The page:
Illinois: A Descriptive and Historical Guide

Illinois: A Descriptive and Historical Guide

Illinois: A Descriptive and Historical Guide

Illinois: A Descriptive and Historical Guide

Excerpt

Each of the major volumes in the American Guide Series is a portrait of a State, in which history and tradition are blended with present-day effort and achievement. Collectively these books afford a clearer and more complete picture of American life than has ever before been attempted. Each individual State guide makes a rich contribution to a more profound appreciation of the State by its own citizens, as well as to the knowledge and understanding of the State by others.

A portrait of Illinois, at once historical and contemporary, on the scale called for in the American Guide Series, would have been a wholly impossible task without the generous co-operation of the people of the State. Literally thousands of persons have helped in the making of this book. Business men, teachers and clergymen, newspaper editors, local historians, farmers--men and women representing every phase of Illinois life--have given freely of their time and effort, in personal interviews and special investigation, to make the Illinois Guide as complete as limitations of space would permit, and as accurate as possible. I have no doubt that in spite of the help of these many friends and of our own earnest endeavor, some mistakes occur among the many thousands of statements of fact in this volume. I shall welcome corrections, which will be embodied in subsequent editions.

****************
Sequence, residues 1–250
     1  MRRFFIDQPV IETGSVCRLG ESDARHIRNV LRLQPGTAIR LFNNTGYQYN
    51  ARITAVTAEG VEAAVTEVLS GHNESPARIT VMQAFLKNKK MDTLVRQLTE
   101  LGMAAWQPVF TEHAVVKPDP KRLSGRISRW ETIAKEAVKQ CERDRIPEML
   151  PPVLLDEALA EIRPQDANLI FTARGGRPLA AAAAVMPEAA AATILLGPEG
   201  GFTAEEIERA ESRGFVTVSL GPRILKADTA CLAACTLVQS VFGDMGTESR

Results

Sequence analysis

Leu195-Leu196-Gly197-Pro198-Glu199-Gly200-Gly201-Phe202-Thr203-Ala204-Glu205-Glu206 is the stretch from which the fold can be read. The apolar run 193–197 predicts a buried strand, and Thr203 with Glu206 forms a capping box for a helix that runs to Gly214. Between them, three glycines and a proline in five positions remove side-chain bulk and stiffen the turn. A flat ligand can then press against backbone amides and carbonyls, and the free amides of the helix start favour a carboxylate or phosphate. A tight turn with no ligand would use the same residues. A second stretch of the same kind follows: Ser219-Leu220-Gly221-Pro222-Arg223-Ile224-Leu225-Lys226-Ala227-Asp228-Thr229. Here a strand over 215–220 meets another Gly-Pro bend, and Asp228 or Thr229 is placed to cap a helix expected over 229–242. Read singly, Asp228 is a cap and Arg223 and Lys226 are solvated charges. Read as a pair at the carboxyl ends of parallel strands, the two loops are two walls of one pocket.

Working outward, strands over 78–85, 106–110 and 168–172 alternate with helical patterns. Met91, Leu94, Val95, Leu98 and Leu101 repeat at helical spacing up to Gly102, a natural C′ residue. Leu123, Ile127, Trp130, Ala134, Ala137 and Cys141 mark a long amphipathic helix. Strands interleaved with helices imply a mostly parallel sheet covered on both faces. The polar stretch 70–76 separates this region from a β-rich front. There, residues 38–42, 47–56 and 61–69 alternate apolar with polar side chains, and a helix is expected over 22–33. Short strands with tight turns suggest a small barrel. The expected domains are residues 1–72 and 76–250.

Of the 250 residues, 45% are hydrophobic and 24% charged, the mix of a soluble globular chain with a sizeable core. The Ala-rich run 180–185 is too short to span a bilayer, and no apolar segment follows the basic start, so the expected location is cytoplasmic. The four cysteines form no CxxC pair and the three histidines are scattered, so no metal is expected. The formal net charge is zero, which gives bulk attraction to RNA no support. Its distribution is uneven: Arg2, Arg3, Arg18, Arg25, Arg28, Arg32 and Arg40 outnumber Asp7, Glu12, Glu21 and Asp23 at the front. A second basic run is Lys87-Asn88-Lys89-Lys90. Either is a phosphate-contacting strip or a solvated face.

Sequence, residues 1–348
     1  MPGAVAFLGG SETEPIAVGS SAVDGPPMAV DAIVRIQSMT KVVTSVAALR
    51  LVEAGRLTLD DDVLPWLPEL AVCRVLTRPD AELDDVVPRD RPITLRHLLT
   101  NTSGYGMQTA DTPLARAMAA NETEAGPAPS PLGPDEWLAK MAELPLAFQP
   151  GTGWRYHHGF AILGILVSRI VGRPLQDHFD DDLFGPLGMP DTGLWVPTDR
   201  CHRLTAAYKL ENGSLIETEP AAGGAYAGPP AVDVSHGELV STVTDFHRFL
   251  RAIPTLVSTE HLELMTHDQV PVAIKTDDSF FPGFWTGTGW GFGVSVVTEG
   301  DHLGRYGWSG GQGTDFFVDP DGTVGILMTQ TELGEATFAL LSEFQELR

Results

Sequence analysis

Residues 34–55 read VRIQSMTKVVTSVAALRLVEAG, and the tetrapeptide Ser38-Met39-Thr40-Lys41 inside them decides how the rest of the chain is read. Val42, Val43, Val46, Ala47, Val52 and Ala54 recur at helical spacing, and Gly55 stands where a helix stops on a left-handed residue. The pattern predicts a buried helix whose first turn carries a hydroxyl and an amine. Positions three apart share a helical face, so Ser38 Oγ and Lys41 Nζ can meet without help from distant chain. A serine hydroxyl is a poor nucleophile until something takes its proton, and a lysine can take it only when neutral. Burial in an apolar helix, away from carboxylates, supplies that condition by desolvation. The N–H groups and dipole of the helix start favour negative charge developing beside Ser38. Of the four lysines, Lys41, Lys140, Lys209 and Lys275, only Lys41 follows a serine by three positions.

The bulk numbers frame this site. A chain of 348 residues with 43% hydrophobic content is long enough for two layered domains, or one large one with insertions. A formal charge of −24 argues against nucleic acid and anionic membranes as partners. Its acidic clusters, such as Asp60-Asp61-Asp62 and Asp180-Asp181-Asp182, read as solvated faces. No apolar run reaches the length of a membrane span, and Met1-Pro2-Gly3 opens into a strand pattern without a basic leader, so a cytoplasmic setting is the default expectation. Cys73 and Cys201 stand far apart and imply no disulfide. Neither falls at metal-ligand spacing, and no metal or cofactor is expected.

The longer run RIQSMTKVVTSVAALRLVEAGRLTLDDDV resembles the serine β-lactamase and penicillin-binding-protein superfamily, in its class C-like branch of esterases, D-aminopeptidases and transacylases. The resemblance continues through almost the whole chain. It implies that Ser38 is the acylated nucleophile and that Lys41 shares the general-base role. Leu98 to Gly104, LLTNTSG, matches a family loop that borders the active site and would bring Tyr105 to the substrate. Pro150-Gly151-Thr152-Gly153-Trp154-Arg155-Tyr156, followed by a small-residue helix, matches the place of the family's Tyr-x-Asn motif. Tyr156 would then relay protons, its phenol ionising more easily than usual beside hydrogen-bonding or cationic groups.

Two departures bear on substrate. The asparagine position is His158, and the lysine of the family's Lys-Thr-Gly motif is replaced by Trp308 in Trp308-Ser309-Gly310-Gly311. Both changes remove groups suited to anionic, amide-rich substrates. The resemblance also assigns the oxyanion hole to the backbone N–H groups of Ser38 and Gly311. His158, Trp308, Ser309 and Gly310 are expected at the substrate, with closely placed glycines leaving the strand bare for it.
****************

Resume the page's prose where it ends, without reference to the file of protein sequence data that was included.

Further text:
As official sponsor, author of the essay on Abraham Lincoln, and generous friend of the whole enterprise, Governor Henry Horner has made a contribution of paramount importance to this book of Illinois. I wish to express my sincere gratitude to him, and also to Lieutenant Governor John Stelle, for courtesies extended during his services as Acting Governor of the State. To Paul M. Angle, Secretary, Illinois State Historical Society, and A. L. Sloan of the staff of the Chicago Evening Anterican, who have read the entire manuscript, I am deeply grateful.

Though it is impossible to mention here all of those who have shared in building the Illinois Guide, I wish to express on behalf of the editorial staff of the Federal Writers' Project our very real sense of obligation to each of these persons. We are especially appreciative . . .

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